A Look at Andrew Cuomo’s Net Worth as He Files for Retirement

Mandatory Credit: Photo by Erik Pendzich/Shutterstock (11907894ax)Governor Andrew Cuomo holds a press conference at Radio City Music Hall in New YorkGovernor Andrew Cuomo press conference, New York, USA - 17 May 2021.
Erik Pendzich/Shutterstock / Erik Pendzich/Shutterstock

Andrew Cuomo was sworn in as governor of New York in 2011 and announced on Aug. 10, 2021, that he would resign from office in 14 days following multiple allegations of sexual harassment, according to NBC News. He was considered by many to be a pillar of strength in his daily briefings during the COVID-19 pandemic.

On Aug. 18, the governor filed to receive the state’s lifetime pension, which will become effective Sept. 1.

As governor of the great state of New York, he takes in an annual salary of $225,000 per year, according to Forbes. His salary is considered to be among the highest among his gubernatorial peers. However, most of his recent financial resources have come from the sales of his books. It has been reported he earned nearly $5 million from the sale of his most recent book, according to Celebrity Net Worth.

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In fact, Cuomo has taken a great deal of his income from the sale of his three books: “Crossroads: The Future of American Politics” published in 2003, “All Things Possible: Setbacks and Success in Politics and Life,” in 2014 that yielded him $650,000 even though it sold only around 4,000 copies. In 2020, “American Crisis: Leadership Lessons from the COVID-19 Pandemic,” was published by Crown Publishing Group.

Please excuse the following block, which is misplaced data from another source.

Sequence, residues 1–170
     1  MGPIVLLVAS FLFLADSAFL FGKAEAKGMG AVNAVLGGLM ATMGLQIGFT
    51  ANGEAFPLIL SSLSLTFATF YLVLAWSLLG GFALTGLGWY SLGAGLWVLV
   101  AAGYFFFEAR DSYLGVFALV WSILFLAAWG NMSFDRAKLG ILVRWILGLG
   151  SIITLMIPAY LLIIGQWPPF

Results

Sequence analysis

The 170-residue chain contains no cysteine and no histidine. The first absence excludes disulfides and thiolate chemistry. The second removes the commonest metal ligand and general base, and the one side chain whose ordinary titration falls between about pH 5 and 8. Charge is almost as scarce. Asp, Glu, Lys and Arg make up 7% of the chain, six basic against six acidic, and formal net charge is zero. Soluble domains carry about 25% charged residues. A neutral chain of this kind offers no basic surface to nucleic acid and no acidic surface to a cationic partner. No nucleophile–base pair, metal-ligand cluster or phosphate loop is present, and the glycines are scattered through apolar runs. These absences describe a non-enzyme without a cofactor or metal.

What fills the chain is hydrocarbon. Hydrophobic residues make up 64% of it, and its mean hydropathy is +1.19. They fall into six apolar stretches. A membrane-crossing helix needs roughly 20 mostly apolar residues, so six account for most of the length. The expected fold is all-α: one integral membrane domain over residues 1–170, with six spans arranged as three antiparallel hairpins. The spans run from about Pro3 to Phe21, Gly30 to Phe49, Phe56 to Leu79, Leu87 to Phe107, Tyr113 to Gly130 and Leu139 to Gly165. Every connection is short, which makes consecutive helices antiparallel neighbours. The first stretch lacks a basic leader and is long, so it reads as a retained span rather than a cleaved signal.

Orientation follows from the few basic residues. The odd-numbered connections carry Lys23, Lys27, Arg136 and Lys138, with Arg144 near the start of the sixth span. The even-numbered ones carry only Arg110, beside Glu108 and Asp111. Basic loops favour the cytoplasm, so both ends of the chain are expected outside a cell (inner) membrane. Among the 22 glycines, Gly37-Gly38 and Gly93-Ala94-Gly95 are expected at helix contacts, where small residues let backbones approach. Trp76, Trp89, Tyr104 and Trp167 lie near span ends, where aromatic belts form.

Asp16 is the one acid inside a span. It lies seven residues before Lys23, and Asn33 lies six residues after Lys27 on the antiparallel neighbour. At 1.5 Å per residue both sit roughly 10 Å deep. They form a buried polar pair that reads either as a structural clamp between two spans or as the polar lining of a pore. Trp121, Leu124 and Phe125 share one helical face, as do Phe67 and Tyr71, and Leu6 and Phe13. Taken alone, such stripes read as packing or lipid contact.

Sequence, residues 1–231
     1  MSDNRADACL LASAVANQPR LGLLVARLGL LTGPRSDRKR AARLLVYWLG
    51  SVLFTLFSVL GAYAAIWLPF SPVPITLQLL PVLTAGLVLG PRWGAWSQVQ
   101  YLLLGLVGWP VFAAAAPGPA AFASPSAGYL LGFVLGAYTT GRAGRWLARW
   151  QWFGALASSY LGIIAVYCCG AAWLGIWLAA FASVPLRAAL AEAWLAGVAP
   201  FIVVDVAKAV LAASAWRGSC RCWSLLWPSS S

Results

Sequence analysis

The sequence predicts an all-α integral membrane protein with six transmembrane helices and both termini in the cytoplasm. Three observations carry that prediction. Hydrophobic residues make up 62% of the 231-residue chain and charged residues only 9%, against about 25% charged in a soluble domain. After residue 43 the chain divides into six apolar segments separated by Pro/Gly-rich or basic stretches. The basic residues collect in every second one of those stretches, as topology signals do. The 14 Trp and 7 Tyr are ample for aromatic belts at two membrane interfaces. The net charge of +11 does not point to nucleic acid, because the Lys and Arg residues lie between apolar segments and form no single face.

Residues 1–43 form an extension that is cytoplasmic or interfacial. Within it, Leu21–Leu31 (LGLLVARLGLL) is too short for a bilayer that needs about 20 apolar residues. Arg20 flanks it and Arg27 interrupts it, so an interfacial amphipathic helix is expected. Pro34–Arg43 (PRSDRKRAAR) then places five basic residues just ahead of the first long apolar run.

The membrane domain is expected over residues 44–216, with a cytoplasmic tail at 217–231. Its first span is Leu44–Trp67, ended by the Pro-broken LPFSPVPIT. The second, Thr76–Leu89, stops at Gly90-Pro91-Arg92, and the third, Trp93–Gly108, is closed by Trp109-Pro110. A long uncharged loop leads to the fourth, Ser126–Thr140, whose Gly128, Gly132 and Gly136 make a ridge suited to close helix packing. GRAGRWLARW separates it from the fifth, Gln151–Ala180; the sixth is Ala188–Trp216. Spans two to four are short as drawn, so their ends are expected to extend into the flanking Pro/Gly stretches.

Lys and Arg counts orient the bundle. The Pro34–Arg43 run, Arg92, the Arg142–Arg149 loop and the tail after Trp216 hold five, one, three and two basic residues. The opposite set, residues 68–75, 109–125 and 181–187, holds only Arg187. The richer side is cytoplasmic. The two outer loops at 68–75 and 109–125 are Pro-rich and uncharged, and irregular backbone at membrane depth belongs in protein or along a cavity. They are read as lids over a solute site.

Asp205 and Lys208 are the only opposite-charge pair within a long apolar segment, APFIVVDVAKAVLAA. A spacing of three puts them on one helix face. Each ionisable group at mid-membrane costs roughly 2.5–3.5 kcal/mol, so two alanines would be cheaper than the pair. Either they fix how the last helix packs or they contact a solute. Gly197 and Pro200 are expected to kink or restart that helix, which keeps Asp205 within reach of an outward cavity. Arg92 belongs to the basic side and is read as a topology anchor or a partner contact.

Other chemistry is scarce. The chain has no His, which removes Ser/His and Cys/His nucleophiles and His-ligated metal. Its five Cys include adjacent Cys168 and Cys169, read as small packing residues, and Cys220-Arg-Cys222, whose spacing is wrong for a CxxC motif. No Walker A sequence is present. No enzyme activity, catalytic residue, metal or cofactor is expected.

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Cuomo’s most recent book appeared to have landed him an advance worth $4 million, but the hardcopy sales some to have peaked at less than 50,000 copies. He eventually went on to get an additional $1 million from the sale, $500,000 of which he donated to charity.

The governor does not seem to own any real estate in his name. He resides in the New York State Executive Mansion, which is located on Eagle Street in downtown Albany.

Going forward, when Cuomo officially leaves office, he is expected by many to follow in his father’s footsteps, returning to work in a law firm and remaining involved in democratic political matters in one way or another.

Early Life

Cuomo is one of five children born to Italian Americans Mario and Matilda Cuomo in Queens.  He earned his B.A. from Fordham University in 1979 and went on to obtain his J.D. from Albany Law School in 1982.  It is at about this time that his father was elected the 52nd governor of New York — a post that he held from 1983 to 1994.

He joined his dad’s staff, where he was reportedly paid a salary of $1 a year, and got the nickname “The Enforcer,” so his dad could come across as being the nice guy in good cop/bad cop scenarios, according to the New York Times.

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At the same time, Cuomo was an assistant district attorney in New York.  He also worked at the law firm Blutrich, Falcone & Miller.  He masterminded Housing Enterprise for the Less Privileged (HELP) in 1986 and went on to run it full-time in 1988.  He was named chair of the New York City Homeless Commission in the early 1990s.

In 1993, he was appointed as Assistant Secretary for Community Planning and Development under the Department of Housing and Urban Development (HUD) under President Bill Clinton’s administration.  In 1997, he was named as the Secretary of Hud–a position which he kept until Clinton left office in 2001.